16 months on, MPCB puts out air quality data on its website
Sixteen months after its air quality stations were inaugurated, the Maharashtra Pollution Control Board (MPCB) on Thursday published real-time air quality information for 15 locations in the Mumbai Metropolitan Region (MMR) on its website. The MPCB also shared air quality index (AQI) for Mumbai and nine other cities during Diwali and the following days.
Mumbai recorded ‘satisfactory’ AQI of 92 on October 27 (Diwali), which was much lower than last year’s 127 (moderate). A day after Diwali, an AQI of 104 (moderate) was recorded on October 28, and 112 (moderate) on October 29 (Tuesday).
Solapur was the most polluted location in Maharashtra on Diwali (October 28) with an AQI of 115 (moderate). On Monday (a day after Diwali) and Tuesday, Kalyan was the most polluted in the state with AQI of 174 (moderate) and 148 (moderate). While all 10 locations recorded either ‘good’ or ‘satisfactory’ AQI on Diwali, air quality ranged in the ‘moderate’ or ‘satisfactory’ levels in subsequent days.
MPCB categorises AQI levels from 0-50 as good, 51-100 satisfactory, 101-200 as moderate, 201-300 is poor, 301-400 as very poor, and above 401 severe.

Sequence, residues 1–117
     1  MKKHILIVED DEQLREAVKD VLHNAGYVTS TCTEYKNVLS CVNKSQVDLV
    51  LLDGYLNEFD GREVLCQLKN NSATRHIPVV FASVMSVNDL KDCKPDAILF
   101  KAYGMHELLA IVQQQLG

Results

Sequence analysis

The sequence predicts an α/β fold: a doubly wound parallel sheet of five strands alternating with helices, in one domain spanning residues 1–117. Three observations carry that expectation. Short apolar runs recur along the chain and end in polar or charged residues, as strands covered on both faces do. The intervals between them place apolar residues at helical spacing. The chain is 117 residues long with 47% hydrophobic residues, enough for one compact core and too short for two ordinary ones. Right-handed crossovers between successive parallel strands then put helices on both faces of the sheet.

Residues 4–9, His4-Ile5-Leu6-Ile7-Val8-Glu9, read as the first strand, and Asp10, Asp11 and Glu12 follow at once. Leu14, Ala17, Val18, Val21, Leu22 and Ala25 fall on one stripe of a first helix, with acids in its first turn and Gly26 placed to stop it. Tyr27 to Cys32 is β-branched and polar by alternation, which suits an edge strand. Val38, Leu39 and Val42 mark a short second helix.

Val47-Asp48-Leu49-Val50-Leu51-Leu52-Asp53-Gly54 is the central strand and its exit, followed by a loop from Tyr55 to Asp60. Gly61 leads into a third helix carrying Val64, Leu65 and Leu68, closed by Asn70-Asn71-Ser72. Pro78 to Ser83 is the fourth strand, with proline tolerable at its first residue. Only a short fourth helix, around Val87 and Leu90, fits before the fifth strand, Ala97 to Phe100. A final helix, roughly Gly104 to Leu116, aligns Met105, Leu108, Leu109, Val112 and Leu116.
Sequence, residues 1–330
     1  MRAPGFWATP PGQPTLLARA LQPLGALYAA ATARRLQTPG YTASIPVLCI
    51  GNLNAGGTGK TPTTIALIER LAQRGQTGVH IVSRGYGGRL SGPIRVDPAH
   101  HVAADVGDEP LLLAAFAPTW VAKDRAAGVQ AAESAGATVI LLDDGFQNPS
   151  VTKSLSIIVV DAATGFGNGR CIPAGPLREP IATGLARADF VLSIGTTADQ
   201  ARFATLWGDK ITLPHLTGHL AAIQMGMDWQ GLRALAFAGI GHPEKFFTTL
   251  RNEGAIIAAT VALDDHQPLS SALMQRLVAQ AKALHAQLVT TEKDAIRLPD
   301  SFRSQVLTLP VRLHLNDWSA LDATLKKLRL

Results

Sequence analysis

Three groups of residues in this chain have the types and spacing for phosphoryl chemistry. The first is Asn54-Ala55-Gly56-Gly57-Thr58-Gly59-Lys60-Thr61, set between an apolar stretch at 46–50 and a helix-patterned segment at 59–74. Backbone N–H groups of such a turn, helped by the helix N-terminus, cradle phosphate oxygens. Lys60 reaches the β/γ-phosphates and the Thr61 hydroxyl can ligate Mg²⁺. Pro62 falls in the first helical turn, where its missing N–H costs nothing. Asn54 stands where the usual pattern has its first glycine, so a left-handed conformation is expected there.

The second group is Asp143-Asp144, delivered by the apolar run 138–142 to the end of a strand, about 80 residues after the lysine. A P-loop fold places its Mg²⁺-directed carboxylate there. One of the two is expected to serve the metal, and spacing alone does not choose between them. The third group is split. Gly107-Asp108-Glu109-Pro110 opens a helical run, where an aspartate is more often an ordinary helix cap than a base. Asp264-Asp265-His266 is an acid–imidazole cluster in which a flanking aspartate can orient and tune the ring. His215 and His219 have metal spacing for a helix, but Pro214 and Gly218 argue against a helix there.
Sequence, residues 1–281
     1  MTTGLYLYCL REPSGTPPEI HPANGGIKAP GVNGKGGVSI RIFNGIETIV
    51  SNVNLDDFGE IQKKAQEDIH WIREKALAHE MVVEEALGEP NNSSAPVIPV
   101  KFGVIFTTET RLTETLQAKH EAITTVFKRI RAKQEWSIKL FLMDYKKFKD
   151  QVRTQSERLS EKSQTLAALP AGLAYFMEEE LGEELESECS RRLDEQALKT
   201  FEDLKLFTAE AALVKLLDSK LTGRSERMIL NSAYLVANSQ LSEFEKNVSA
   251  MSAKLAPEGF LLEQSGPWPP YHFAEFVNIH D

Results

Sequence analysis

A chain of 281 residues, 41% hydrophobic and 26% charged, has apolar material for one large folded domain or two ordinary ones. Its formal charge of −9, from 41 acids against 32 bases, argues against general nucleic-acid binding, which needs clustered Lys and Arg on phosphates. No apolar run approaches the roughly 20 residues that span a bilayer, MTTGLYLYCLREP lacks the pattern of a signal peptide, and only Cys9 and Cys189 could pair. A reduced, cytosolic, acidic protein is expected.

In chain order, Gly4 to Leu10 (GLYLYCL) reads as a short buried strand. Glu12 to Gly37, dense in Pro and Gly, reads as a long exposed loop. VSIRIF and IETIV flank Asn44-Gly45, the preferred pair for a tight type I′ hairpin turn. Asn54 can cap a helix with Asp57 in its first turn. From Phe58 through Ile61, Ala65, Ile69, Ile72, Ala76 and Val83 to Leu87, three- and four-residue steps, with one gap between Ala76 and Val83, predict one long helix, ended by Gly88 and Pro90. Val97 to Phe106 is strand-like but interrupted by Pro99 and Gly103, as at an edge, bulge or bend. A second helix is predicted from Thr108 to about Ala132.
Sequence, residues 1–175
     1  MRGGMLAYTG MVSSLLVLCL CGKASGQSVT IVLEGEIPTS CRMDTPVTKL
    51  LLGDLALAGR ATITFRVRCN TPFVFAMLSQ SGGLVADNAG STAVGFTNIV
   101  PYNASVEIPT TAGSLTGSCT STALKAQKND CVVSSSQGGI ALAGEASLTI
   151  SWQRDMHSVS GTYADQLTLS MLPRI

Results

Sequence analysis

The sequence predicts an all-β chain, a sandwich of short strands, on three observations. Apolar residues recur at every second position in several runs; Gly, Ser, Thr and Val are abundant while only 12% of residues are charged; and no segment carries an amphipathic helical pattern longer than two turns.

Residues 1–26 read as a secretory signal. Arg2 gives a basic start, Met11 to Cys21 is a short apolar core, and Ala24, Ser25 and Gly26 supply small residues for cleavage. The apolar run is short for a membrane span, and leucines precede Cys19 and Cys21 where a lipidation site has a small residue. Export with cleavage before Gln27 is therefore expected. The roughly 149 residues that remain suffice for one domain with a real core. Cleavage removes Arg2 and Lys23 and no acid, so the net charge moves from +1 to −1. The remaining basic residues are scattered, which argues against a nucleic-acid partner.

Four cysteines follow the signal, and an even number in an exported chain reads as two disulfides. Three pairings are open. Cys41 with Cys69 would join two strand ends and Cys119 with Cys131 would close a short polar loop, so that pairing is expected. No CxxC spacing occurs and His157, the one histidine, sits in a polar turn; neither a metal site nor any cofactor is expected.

“The MMR witnessed much cleaner air this Diwali compared to previous years. Levels went into the moderate category after the increased use of firecrackers on Monday and Tuesday,” said VM Motghare, joint director (air quality), MPCB.
“This is the first Diwali where we have real-time and manual air quality monitoring data from across Maharashtra. From next year onwards, we will be able to understand the trend and areas where air pollution mitigation measures need to be implemented.”
Post-Diwali air pollution readings for Mumbai from MPCB were much higher than that of System of Air Quality Weather Forecasting and Research’s (SAFAR), which comes under the Indian Institute of Tropical Meteorology (IITM), Pune. The AQI for all days fell either under the ‘good’ or ‘satisfactory’ levels, with the highest daily AQI recorded at 96 (satisfactory) on October 29.
The air quality stations were inaugurated in June 2018. While data for 13 stations was made public in November 2018, a month later due to ‘technical difficulties’, it was taken down.
This is the official real-time data from the state government, which will be used in quarterly reports under the city’s recently approved action plan.
“As our website was being revamped and new software was being developed, all real-time air quality information was being recorded, but not being published online. Citizens will have official and reliable air quality information and not depend on other sources. Monthly and
annual averages will be submitted to the state and central agencies for final tabulation,” said Motghare.
Air quality information is available for Vile Parle, Kandivli, Santacruz, Sion, Kurla, Borivli, Worli, Mulund, Powai, Colaba, Nerul, Kalyan, Vasai-Virar, Dombivli and Mahape – with real-time updates for pollutants such as PM10, PM2.5, nitrogen dioxide (NO2), sulphur dioxide (SO2), carbon monoxide (CO), ozone (O3), and ammonia (NH3).